Aid agencies warn Yemen is on the brink of humanitarian disaster – with up to half a million children facing severe malnutrition, and hospitals running out of basic medicines. There are fears Yemen's civil war could escalate as the coalition led by Saudi Arabia tries to drive back Houthi rebels, who seized control of much of the country earlier this year. Henry Ridgwell reports.
Video

Video Apps Helping Kenyan Businesses Stay Ahead of Counterfeiters

Counterfeit goods in Kenya cost the government as much as $1 billion each year in lost tax revenues. The fake goods also hurt entrepreneurs who find it hard to carve out a niche in the market and retain customers. But as Lenny Ruvaga reports from Nairobi, information technology is being used to try to beat the problem.
Video

Video Nobel Prize Winner Malala Talks to VOA

Nobel Peace Prize winner Malala Yousafzai met with VOA's Deewa service in Washington Sunday to talk about women’s rights and unveil a trailer for her new documentary. VOA's Katherine Gypson has more.
Video

Video War, Drought Threaten Iraq's Marshlands

Iraq's southern wetlands are in crisis. These areas are the spawning ground for Gulf fisheries, a resting place for migrating wildfowl, and source of livelihood for fishermen and herders. Faith Lapidus has more.
Video

Video Colombians Flee Venezuela as Border Crisis Escalates

Hundreds of Colombians have fled Venezuela since last week, amid an escalating border crisis between the two countries. Last week, Venezuelan President Nicolas Maduro ordered the closure of a key border crossing after smugglers injured three Venezuelan soldiers and a civilian. The president also ordered the deportation of Colombians who are in Venezuela illegally. Zlatica Hoke reports.
Video

Video Rebuilding New Orleans' Music Scene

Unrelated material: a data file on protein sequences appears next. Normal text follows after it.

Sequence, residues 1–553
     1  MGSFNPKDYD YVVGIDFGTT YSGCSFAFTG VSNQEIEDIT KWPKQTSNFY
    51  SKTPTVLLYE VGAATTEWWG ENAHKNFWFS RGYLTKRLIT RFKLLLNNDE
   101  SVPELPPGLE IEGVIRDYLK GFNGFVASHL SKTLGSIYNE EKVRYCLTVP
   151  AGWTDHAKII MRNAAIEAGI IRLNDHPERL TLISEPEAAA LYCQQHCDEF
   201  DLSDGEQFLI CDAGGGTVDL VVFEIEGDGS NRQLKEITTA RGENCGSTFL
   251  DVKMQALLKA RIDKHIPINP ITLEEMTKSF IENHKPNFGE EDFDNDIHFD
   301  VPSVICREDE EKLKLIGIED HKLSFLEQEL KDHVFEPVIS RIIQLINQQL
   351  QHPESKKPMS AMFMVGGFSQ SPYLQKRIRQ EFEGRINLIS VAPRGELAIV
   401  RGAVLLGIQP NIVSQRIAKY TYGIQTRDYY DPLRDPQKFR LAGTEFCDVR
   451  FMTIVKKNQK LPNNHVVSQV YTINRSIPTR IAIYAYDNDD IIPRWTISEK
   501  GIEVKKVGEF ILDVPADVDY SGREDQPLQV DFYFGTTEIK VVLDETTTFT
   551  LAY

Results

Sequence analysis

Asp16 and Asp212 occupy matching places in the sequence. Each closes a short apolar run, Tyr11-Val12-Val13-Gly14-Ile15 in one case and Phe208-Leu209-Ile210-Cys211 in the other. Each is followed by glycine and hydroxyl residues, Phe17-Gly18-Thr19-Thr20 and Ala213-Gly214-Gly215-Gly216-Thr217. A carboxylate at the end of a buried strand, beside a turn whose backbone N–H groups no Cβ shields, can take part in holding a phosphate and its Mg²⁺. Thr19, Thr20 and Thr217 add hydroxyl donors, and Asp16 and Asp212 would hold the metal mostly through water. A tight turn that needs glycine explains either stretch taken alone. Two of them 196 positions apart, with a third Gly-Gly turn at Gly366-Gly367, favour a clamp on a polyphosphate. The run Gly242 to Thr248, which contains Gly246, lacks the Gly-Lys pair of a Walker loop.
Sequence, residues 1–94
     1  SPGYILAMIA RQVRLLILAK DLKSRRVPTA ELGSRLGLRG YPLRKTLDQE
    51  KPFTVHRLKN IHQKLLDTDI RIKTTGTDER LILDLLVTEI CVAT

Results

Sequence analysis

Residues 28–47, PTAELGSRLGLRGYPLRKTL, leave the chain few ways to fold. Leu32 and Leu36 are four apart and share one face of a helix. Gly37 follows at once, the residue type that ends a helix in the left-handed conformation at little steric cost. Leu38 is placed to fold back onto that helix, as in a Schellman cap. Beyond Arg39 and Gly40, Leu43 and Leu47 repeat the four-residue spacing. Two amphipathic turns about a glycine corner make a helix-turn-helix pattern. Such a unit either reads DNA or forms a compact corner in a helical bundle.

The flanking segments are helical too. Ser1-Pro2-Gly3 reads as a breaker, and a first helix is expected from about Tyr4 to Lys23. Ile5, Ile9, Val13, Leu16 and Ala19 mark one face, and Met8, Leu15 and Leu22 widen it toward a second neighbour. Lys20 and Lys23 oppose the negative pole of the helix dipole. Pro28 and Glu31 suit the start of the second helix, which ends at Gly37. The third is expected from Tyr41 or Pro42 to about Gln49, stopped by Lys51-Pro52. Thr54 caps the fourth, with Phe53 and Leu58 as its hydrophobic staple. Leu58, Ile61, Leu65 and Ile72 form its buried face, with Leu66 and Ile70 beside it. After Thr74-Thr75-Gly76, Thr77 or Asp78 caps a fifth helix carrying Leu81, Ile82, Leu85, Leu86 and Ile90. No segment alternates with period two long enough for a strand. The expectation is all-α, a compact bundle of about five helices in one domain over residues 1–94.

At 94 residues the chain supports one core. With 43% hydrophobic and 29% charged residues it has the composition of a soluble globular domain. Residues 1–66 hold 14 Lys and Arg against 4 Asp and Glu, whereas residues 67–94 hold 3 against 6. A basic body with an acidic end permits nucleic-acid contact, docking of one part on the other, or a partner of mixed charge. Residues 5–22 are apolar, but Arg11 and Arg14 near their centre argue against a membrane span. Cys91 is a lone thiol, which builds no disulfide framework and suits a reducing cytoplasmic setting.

Ten years after Hurricane Katrina inundated New Orleans, threatening to wash away its vibrant musical heritage along with its neighborhoods, the beat goes on. As Bronwyn Benito and Faith Lapidus report, a Musicians' Village is preserving the city's unique sound.
Video

Video In Russia, Auto Industry in Tailspin

Industry insiders say country relies too heavily on imports as inflation cuts too many consumers out of the market. Daniel Schearf has more from Moscow.
Video

Video Scientist Calls Use of Fetal Tissue in Medical Research Essential

An anti-abortion group responsible for secret recordings of workers at a women's health care organization claims the workers shown are offering baby parts for sale, a charge the organization strongly denies. While the selling of fetal tissue is against the law in the United States, abortion and the use of donated fetal tissue for medical research are both legal. VOA’s Julie Taboh reports.
Video

Video Next to Iran, Climate at Forefront of Obama Agenda

President Barack Obama this week announced new initiatives aimed at making it easier for Americans to access renewable energy sources such as solar and wind. Obama is not slowing down when it comes to pushing through climate change measures, an issue he says is the greatest threat to the country’s national security. VOA correspondent Aru Pande has more from the White House.
Video

Video Arctic Draws International Competition for Oil

A new geopolitical “Great Game” is underway in earth’s northernmost region, the Arctic, where Russia has claimed a large area for resource development and President Barack Obama recently approved Shell Oil Company’s test-drilling project in an area under U.S. control. Greg Flakus reports.
Video

Video Philippine Maritime Police: Chinese Fishermen a Threat to Country’s Security

China and the Philippines both claim maritime rights in the South China Sea.  That includes the right to fish in those waters. Jason Strother reports on how the Philippines is catching Chinese nationals it says are illegal poachers. He has the story from Palawan province.
Video

Video China's Spratly Island Building Said to Light Up the Night 'Like A City'

Southeast Asian countries claim China has illegally seized territory in the Spratly islands. It is especially a concern for a Philippine mayor who says Beijing is occupying parts of his municipality. Jason Strother reports from the capital of Palawan province, Puerto Princesa.

VOA Blogs